Blog post

US Federal CIO Faces a Daunting Challenge

By Brian Burke | March 11, 2009 | 0 Comments

EA

Ten years ago I coined the term ‘federated architecture’ to describe an approach to enterprise architecture that allows interoperability and information sharing between semi-autonomous business units.  Since then hundreds of companies and governments have adopted this approach.  I remain a big supporter of the idea, but I am also aware of the difficulties to implement this approach, and the challenge facing the New US Federal CIO Vivek Kundra is daunting to say the least.

According to the White House, the Federal CIO “establishes and oversees enterprise architecture to ensure system interoperability and information sharing and ensure information security and privacy across the federal government.”  This will require departments and agencies to agree on standards for interoperability (at least) and/or to harmonize and integrate business process and technologies (even more difficult). The problem is that the departments and agencies of the US Government are fiefdoms that are reluctant to give up control over investments.  Harmonizing enterprise architectures creates winners and losers and departments will likely fight to avoid sub-optimization of the department to achieve of the optimization of government.  I have seen many government-wide EA programs that have failed primarily because they underestimated the political, cultural and financial challenges.

Over the years, I’ve met quite a few national government CIOs and they all have the same problem. They are given the responsibility to optimize whole of government architectures without the authority to get it done.  In most cases they have influence over government departments but no real control.  In many cases they play the role of advisor and cajoler but lack the backing to make real change.  Clearly there have been some successes, but in most cases those successes occur after several failed attempts.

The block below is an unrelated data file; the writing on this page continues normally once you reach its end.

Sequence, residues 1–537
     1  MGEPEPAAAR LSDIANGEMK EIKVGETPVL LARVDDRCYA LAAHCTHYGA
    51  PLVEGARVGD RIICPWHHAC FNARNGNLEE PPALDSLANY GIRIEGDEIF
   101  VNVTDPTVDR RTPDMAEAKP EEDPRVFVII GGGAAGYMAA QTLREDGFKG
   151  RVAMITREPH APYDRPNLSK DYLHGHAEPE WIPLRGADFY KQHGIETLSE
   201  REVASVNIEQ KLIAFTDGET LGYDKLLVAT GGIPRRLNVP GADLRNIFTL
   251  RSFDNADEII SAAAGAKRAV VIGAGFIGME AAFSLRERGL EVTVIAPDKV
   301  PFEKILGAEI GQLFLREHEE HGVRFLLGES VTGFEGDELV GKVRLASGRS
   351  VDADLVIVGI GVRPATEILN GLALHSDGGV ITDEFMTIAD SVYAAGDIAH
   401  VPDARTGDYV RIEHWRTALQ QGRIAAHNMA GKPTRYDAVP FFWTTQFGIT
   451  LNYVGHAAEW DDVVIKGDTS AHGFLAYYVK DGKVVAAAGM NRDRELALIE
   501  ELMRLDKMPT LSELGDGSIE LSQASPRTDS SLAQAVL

But I’m cheering for Kundra.  I have never met Vivek Kundra but several of my colleagues have and the feedback is that he is very bright, innovative and driven.  Andrea DiMaio knows him and has written several blogs on Kundra’s appointment. My hope is that Kundra gets the support that he needs to achieve the goals that the White House has set out for him.

For additional background on Federated Architectures review this research note:  Management Update: Managing a Federated Architecture

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